The story of the 2013 Atlanta Braves season was one of resilience. With a core of young, talented guys, big off season acquisitions and a few veterans, the Braves won the National League East and entered the playoffs despite a season riddled with adversity. That the Braves even made it to the postseason is, in itself, quite surprising. That they couldn’t rise to defeat the Los Angeles Dodgers stung, but their postseason performance aside, it was a successful season for Atlanta.
Take a moment to consider what the Braves overcame this season:
- Season-ending injuries to starting pitchers Tim Hudson (one of the few veteran leaders in the clubhouse) and Brandon Beachy.
- Season-ending injuries to two of the best relief men in the business, Jonny Venters and Eric O’Flaherty.
- Injuries that led to DL stints to nearly every outfielder on the roster including Jordan Schafer, B.J. Upton, Evan Gattis, Reed Johnson and Jason Heyward (the fractured jaw that cost Heyward weeks down the stretch being the biggest blow).
- Minor injuries piled up for pitchers Paul Maholm, Scott Downs, Luis Ayala and the oft-injured Jordan Walden.
- Sub-.200 batting averages for starters Dan Uggla and B.J. Upton.
- Losses of Tyler Pastornicky and Ramiro Pena to season-ending surgeries.
Any other team would have crumbled and ended their season at the bottom of their division. But the Braves, to their credit, forged on and made it to the playoffs knowing that they might lack consistent offense, would be without their starting second baseman due to his offensive woes and may or may not get much out of the veteran starter Freddy Garcia.
The Braves may have headed back home to Atlanta to begin the long offseason with the bitter taste of defeat in their mouths, but they do have a few performances to remind themselves of from their playoff experience.
- Freddy Garcia, the veteran righty who wasn’t even a lock for the roster until the day the playoffs began, gave the Braves 6 solid innings in Game 4. He surrendered only 6 hits and 2 runs, both runs homers off the bat of Carl Crawford. His performance was timely. Unfortunately, he walked away with the no-decision.
- Chris Johnson continued his hot hitting, showing the baseball world just how he managed to stay in the batting title race until the final week of the season. Johnson hit .428 in the NLDS (7-for-16) with 5 RBIs.
- Mike Minor’s NLDS start was reminiscent of his consistency and dominance all season. Minor pitched 6 1/3 innings giving up 8 hits but only 1 earned run (1.42 ERA). Minor struck out 5 batters.
- Luis Ayala and Luis Avilan were exceptional in their combined 4 2/3 innings of relief. Avilan was in top form when he allowed only 3 hits and 0 earned runs in 4 appearances (2 2/3 innings). Luis Ayala was as brilliant as he had been in the prime of his career. He allowed only 1 hit and 0 earned runs in 3 appearances while striking out 3 batters (2 innings).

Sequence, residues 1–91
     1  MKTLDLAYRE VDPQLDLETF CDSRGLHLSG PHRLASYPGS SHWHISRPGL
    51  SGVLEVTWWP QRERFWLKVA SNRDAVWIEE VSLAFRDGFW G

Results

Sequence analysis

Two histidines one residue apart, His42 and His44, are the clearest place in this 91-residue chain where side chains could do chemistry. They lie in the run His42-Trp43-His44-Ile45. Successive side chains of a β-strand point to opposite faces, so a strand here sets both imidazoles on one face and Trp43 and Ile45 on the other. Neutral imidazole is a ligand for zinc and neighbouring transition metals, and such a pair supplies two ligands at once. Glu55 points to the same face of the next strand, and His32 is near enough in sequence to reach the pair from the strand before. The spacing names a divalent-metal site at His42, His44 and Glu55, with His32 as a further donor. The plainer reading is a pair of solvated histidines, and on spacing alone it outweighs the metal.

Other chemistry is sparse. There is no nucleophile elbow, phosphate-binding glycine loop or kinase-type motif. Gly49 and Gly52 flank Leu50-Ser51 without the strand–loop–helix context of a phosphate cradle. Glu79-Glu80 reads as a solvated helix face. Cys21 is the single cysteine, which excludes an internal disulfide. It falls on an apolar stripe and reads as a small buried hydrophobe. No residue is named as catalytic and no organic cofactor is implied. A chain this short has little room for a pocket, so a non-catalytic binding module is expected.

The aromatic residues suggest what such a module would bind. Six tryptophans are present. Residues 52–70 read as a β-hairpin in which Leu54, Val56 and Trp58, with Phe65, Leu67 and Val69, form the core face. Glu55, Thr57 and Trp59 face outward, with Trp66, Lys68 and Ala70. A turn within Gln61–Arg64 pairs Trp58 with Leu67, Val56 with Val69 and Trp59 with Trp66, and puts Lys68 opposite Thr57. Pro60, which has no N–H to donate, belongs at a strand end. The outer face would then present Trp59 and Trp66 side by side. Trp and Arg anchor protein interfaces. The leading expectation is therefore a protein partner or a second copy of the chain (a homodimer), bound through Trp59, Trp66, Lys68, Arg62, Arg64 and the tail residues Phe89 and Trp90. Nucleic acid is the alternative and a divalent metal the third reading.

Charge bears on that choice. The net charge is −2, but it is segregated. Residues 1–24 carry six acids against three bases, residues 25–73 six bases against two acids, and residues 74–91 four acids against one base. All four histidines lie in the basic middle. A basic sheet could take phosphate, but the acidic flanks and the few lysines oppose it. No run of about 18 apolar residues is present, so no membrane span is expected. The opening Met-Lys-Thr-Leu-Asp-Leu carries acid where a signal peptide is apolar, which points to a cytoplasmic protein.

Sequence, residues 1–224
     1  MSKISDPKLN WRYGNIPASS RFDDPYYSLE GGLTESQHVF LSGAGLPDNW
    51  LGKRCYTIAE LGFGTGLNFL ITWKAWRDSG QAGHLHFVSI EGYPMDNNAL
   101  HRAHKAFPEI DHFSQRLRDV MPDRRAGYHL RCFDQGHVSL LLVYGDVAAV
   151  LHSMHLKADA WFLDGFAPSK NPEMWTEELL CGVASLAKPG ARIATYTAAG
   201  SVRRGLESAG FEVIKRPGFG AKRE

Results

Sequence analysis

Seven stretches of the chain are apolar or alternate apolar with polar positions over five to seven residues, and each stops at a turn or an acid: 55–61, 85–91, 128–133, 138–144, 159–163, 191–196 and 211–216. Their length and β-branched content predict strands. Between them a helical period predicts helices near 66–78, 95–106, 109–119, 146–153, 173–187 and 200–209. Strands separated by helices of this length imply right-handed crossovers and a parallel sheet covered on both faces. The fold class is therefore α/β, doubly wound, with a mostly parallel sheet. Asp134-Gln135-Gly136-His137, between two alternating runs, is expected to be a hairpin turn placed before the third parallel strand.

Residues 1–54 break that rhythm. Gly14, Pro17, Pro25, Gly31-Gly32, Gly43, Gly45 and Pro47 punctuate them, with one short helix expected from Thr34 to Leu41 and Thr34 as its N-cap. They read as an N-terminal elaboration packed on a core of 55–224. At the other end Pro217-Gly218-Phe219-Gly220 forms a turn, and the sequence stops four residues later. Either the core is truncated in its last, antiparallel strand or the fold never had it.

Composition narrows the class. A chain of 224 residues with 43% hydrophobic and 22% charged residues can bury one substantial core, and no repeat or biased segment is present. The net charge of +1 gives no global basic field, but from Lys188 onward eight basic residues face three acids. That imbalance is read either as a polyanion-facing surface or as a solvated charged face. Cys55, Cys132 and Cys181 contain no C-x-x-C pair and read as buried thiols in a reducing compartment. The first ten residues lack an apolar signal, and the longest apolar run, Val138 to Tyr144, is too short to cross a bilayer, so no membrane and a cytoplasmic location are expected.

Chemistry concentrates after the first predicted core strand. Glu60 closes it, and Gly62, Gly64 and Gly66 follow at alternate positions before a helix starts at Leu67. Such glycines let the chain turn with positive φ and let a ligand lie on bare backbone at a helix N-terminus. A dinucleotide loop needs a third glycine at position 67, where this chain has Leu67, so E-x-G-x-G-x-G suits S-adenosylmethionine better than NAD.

- Craig Kimbrel secured a 4-out save in the single win of the postseason. He did not surrender a hit or a run and struck out 2 batters.
Following the loss to the Dodgers, there were two story lines that dominated Braves’ coverage.
The first being that game 4 would be Brian McCann’s final game in an Atlanta uniform. In the business that is baseball, there is no way the Braves can cobble together the money to sign free agent McCann. Unfortunately, the Braves will watch one of their young leaders walk away to a bigger contract, likely with an American League team. McCann was terrible offensively in the playoffs. He went hitless in 13 at-bats, striking out 6 times. However, McCann’s career in Atlanta will be remembered for his offensive prowess and his leadership. Since being called up in 2005, McCann has a .277 average with 1070 hits, 176 homers, 227 doubles and 661 RBIs in 1105 games. He was a 7-time all-star with 5 silver slugger awards. At the age of 29, he may be leaving Atlanta with his best years behind him.
The other story line that followed the Braves’ loss was whether or not manager Fredi Gonzalez bungled game 4 when he brought David Carpenter out of the ‘pen rather than go to Craig Kimbrel for a 6-out save. Kimbrel had never been called in to get a 6-out save and though he said he was ready to do so, Fredi was prepared to bring Kimbrel in once there were only 4 outs remaining. Of course, Juan Uribe didn’t allow the Braves to get to within 4 outs with the lead. Was it the right call by Fredi Gonzalez? Whether or not it was, this is not a firing offense. Consider what Fredi had to lead the team through to get 96 wins and the NL East championship banner. If it weren’t for the Pirates’ incredible season, it wouldn’t be surprising to see Fredi Gonzalez get consideration for manager of the year.
While the 2013 team had a special chemistry and overcame great odds to reach the postseason, the experience for the young core of starters will be beneficial in 2014 forward.
Tara Rowe is an independent historian and beat writer for BravesWire.com. Follow Tara on Twitter @framethepitch.